When you work for a company, especially over a long period of time, it can feel like you are a team. You’ve got the employer’s back; the employer’s got yours. But what happens when your employer seemingly turns its back on you?
Workers devote a significant portion of their lives to their jobs. Sometimes, those jobs unfortunately take a toll on an employee’s well-being. When injuries or illnesses are the result of work, workers’ compensation benefits are there to support an employee through a difficult period.
And they should be there, available for an injured worker to claim without fear of doing so.
Recent cases throughout the country show that retaliation does occur in the workplace. Juries have fined businesses substantially upon hearing evidence that the employers somehow retaliated against workers who filed workers’ comp claims.
Retaliation can take various forms. A worker’s employment might be terminated. Maybe he or she doesn’t get a promotion, is demoted or assigned tasks that are not common or appropriate for the position. Claims that can lead to retaliation might be workers’ compensation-related, but they could also be regarding matters such as sexual harassment and discrimination.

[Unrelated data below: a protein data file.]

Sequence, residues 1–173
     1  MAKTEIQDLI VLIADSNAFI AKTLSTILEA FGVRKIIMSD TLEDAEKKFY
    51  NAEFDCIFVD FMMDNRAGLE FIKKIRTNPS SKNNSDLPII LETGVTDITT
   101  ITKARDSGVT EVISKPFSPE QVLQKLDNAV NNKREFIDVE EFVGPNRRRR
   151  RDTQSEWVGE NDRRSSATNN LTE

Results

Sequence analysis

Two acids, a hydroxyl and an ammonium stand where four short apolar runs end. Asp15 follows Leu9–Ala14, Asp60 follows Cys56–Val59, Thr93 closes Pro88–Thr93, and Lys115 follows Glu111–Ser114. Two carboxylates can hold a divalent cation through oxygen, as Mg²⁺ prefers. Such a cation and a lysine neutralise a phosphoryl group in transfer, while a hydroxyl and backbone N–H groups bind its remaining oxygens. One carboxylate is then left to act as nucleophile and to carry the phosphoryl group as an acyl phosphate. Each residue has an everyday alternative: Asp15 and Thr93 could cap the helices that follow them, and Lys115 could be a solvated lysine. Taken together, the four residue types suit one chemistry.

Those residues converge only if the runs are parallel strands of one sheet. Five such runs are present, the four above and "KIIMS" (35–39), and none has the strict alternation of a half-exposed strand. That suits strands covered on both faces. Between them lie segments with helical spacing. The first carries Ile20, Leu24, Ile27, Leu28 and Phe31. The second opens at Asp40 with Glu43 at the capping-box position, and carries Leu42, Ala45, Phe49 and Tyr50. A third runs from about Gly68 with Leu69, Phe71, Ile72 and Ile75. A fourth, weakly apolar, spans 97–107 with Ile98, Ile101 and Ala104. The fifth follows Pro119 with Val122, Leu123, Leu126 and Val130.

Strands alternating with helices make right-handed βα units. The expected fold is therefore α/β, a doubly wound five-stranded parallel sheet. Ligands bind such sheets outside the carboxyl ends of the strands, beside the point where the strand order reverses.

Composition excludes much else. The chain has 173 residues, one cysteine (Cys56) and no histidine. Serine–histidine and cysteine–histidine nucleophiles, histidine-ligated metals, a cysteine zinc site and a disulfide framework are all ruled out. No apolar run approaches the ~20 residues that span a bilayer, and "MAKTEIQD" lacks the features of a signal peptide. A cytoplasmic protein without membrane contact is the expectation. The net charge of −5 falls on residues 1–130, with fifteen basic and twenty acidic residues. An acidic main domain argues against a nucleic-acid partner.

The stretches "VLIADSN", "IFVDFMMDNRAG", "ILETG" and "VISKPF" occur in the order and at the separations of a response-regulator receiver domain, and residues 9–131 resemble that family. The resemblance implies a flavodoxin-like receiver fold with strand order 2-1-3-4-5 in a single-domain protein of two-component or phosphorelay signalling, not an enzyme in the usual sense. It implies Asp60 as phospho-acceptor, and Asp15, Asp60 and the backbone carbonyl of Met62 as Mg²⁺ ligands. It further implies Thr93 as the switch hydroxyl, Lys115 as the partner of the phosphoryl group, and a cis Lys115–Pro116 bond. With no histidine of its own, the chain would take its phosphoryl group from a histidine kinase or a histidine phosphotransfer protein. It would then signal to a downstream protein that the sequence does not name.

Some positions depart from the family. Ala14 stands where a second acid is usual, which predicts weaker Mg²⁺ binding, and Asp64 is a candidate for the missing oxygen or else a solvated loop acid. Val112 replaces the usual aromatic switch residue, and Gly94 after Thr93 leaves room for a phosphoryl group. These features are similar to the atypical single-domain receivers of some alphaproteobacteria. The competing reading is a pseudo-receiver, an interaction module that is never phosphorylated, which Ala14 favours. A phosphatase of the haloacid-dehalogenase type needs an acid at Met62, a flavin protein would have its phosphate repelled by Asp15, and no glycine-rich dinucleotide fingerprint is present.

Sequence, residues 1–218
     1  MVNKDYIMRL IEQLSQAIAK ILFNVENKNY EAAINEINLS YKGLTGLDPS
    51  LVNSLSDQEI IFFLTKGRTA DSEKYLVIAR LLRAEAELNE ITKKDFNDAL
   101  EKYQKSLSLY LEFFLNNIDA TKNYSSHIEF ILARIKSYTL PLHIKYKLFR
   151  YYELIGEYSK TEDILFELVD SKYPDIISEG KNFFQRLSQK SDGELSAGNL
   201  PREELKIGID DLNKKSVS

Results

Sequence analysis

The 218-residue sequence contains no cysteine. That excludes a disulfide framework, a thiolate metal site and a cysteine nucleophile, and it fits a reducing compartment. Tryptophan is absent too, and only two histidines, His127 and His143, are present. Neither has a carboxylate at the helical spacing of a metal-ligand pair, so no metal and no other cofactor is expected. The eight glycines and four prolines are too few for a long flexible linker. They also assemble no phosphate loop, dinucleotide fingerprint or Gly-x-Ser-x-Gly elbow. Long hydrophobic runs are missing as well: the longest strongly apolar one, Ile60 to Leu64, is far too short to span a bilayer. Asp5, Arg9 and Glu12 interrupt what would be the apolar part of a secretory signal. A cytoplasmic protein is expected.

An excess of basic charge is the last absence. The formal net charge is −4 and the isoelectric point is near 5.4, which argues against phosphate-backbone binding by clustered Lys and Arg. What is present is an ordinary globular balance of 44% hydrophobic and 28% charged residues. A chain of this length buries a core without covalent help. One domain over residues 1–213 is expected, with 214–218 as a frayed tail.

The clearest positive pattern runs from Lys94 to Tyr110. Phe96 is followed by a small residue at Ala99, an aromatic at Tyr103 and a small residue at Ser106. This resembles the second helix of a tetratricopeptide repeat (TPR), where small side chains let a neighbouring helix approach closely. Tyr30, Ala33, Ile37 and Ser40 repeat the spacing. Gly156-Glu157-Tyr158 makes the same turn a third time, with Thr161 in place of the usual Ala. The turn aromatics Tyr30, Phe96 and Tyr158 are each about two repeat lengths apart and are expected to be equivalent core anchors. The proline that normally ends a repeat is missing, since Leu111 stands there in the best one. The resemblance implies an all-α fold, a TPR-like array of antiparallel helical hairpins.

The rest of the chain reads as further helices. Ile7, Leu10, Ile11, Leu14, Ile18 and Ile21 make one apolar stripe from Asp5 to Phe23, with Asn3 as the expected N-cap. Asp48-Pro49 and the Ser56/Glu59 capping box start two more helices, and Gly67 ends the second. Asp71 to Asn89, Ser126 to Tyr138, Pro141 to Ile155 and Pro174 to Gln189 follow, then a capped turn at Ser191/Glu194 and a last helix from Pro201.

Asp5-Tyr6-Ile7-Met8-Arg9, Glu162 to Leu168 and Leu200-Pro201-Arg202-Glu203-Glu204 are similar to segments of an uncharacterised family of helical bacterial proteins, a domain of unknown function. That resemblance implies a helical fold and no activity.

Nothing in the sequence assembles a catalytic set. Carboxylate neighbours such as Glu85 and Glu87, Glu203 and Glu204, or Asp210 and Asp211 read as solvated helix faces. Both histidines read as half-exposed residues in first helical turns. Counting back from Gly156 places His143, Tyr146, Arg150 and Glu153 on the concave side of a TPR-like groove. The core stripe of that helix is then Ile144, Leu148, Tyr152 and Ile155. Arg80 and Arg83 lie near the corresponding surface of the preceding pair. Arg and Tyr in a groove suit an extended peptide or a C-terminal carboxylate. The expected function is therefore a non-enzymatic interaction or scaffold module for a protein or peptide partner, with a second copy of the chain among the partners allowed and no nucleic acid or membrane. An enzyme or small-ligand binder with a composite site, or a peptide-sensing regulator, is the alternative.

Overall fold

States have their own workers’ compensation and retaliation laws. The Workers’ Compensation Board notes that it is illegal in New York to discriminate/retaliate against someone who has filed a workers’ comp claim; it is also illegal to discriminate/retaliate against a worker who might be testifying in the worker’s case.
Therefore, if you feel that you’re the target of retaliation following the report of a work incident, you might have legal options. Work with an employment law attorney in your area who understands how disheartening it can be when someone who’s given so much time to a business is treated like an outsider for simply asserting his or her rights.